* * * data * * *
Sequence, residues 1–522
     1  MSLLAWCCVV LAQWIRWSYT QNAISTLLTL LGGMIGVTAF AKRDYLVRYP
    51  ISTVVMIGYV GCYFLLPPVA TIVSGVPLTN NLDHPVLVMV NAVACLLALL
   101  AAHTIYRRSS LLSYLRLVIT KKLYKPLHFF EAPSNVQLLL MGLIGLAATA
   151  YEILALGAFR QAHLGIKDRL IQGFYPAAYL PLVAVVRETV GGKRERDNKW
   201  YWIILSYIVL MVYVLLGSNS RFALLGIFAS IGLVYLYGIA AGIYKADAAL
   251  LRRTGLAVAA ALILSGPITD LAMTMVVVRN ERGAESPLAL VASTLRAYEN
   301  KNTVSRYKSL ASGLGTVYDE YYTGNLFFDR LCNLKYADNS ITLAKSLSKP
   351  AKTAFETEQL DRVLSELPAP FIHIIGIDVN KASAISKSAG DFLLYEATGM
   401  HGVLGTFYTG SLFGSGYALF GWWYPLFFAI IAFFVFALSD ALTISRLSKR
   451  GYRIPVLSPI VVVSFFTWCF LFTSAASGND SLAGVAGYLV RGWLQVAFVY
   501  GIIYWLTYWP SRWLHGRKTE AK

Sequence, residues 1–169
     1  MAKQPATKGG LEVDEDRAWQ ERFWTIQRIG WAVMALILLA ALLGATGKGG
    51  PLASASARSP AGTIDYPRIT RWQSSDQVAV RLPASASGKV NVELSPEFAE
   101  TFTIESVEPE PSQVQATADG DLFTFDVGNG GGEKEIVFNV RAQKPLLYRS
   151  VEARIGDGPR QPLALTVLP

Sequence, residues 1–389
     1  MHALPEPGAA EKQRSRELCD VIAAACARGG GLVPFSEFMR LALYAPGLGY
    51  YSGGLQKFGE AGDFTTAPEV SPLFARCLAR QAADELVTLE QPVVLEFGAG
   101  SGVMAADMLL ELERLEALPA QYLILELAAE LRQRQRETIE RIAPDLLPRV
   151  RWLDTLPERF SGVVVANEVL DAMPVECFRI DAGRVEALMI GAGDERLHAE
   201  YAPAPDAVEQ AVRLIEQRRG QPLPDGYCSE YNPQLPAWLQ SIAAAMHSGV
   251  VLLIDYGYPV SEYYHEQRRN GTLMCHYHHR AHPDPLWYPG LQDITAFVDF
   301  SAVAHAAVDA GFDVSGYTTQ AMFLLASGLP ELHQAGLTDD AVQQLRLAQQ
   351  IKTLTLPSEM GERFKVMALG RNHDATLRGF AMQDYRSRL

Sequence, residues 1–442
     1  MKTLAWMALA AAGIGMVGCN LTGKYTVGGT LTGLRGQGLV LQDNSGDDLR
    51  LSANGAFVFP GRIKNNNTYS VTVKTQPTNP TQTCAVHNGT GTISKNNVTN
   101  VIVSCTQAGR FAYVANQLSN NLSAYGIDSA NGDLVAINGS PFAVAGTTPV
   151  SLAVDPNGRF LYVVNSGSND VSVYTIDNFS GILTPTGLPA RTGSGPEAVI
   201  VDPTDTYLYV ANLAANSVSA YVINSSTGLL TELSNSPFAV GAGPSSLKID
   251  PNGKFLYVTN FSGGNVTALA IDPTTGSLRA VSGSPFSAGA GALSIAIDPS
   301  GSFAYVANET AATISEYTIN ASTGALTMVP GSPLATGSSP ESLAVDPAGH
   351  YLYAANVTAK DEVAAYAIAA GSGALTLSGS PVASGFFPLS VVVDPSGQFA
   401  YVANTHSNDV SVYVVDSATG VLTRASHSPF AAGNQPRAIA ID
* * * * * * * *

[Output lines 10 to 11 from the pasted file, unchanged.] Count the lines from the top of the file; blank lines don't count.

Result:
   401  HGVLGTFYTG SLFGSGYALF GWWYPLFFAI IAFFVFALSD ALTISRLSKR
   451  GYRIPVLSPI VVVSFFTWCF LFTSAASGND SLAGVAGYLV RGWLQVAFVY